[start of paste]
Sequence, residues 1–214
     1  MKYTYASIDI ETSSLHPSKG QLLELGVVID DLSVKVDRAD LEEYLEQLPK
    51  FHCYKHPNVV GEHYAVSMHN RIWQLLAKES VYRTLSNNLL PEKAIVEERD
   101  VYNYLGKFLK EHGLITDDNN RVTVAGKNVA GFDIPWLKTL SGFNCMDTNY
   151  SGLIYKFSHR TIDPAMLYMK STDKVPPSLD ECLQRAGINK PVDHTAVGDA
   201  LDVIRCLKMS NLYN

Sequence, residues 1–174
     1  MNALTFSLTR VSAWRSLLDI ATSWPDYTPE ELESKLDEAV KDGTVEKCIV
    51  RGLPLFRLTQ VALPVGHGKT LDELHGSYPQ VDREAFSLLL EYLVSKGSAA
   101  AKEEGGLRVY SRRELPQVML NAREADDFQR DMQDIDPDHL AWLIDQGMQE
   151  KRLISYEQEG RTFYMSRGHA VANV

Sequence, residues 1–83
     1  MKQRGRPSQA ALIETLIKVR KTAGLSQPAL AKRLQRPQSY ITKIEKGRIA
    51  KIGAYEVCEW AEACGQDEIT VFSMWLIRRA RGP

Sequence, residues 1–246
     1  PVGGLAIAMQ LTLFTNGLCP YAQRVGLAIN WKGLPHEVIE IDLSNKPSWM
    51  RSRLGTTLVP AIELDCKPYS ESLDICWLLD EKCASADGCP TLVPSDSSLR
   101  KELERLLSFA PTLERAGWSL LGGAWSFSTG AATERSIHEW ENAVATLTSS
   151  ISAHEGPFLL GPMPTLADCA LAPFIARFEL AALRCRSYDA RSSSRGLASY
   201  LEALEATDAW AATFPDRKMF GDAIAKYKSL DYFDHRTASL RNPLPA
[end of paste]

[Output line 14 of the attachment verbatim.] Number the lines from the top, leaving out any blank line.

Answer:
    51  KIGAYEVCEW AEACGQDEIT VFSMWLIRRA RGP